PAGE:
To be good at something, you must practice it. 

-Common Sense (Probably)


As the basics are developed and mastered, the clinician can become more comfortable in opening their aperture to the wider situation at hand and where it will likely lead clinically. Understanding what comes next may aid in formulating a plan and an impetus in performing early interventions to standard but this knowledge may not be available.  In this case, as the medic transitions from initial lifesaving care, or history and physical exam for DNBI (Disease, Non-Battle Injury,) a systematic approach to a patient in an austere environment will help gather and organize the pieces of the puzzle, direct the team available and implement a treatment plan according to emerging trends. Treat what is in front of you and go back to a checklist or mnemonic to ensure that you don’t skip over anything. Sure, you could probably stay very busy without a plan, but adhering to principles and triaging action should make you more efficient in addressing the most important issues. (A study to explore this observation would be awesome.) Training beyond the initial 30 minutes of care will allow you the time to let a case develop to realize where your action or inaction will impact the care of the patient and the likely outcome.


No training will better illuminate the importance of doing good TCCC as the prolonged care of your own patient who has received poor TCCC.


Not following any structured principles-based method after MARCH or SOAP would result in simply caring for a patient for a long time, not practicing effective Prolonged Field Care. I developed the RAVINES mnemonic on a red-eye flight to Denmark in 2016 where I was to share early lessons learned from our prolonged field care working group with our Nordic counterparts. (Thanks Pac and Poul) The question that I was aiming to address at the time was, “when and how do you make the transition from TCCC to PFC?”

This mnemonic should aid the austere clinician to prioritize PFC interventions after completing traditional TCCC in the form of the MARCH PAWS algorithm, or after completing an initial history and physical exam as part of a clinical encounter. As soon as one is able to complete a thorough head-to-toe secondary exam a detailed problem list and corresponding treatment plan should simultaneously be developed. This is most easily done on a dedicated flowsheet. RAVINES can be used as a process to simplify some of the chaos for the medic or resuscitative surgical team with the goal of improving the morbidity and mortality of a patient. If the RAVINES mnemonic is not utilized, other systematic tools and checklists should be considered to help prioritize interventions in order of importance by the small team with limited manpower. Here is and updated explanation of the RAVINES mnemonic:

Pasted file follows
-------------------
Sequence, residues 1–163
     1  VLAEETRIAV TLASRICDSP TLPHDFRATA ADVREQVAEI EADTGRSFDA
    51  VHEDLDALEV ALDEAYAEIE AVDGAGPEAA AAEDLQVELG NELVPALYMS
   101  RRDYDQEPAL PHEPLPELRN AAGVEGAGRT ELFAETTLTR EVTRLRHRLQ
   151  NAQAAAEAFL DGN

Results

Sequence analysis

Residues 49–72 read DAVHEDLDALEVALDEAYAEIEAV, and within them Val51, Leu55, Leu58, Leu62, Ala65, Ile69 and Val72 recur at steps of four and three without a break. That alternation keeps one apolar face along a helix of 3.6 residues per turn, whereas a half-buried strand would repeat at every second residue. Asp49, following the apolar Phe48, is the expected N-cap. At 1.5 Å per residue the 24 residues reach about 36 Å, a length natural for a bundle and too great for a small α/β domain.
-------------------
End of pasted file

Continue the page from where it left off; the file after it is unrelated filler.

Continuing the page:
Resuscitating a hypovolemic casualty with the appropriate type and volume of fluids is an important first step in the process. This is often started in TCCC or during the initial interventions of a life-threatening clinical case. Resuscitation strategies vary widely depending on the etiology such as utilizing whole blood for a casualty in hemorrhagic shock or utilizing crystalloid solutions to the proper hemodynamic goals in the case of burn, crush or sepsis. In order to more easily and quickly recognize potential hemodynamic decompensation, we borrow the idea of trending vital signs from critical care and anesthesia. That is not to say that we are attempting to provide intensive care out of hospital but taking best practices from a well-developed in-hospital specialty and borrow those best practices for use in the austere environment. Ideally this would include as many of the puzzle pieces available of the developing patient picture and would include ETCO2, respiratory rate, Shock Index (from dividing heart rate by systolic blood pressure,) urine output and mental status. Other non-invasive means of assessing hemodynamics may also include passive leg raise (even a unilateral PLR can be helpful when one is immobilized or missing,) or the use of the ultrasound for those highly adept and equipped.


The R in RAVINES also stands, secondarily, for Reducing (or "Replacing") tourniquets as a reminder that if not already done, it should be completed soon to avoid complications prolonged replacement or conversion. The crush injury clinical practice guideline was the first written by our working group to provide recommendations to care for the prolonged removal or conversion of a tourniquet when evacuation was not possible.


Airway, and Analgesia and Sedation is next in the PFC priorities as it easily correlates with what has already been done in MARCH. If a definitive airway has already been established in Tactical Field Care, often it is done hastily and should be reassessed to ensure that it is still effective via capnography, inserted to the correct depth, secured, cleaned, that a Heat, Moisture Exchanger (HME) has been applied, and that adequate suctioning is occurring as needed. Properly preparing for airway emergencies or planned upgrades can be accomplished utilizing the MSMAID mnemonic.

Analgesia and Sedation strategies can make or break a situation depending on the experience of the medic and complexity of the case. You don’t want to find yourself riding this roller coaster and reactively chasing your tail. This is a clear area where leveraging a simple strategy of documenting the time and dose of a given med can help you form a plan to be proactive and anticipate when the therapeutic effects are likely to wear off. A tool to help with performing procedural sedation with minimal technology would be the circle of awareness as practiced in the 18D Special Forces Medical Sergeant Course and Refresher. This method positions the "anesthetist" seated at the head of the patient in a continuous workflow of checking airway, sedation level, breathing, circulation, and reporting, recording and performing tasks every 5 mins.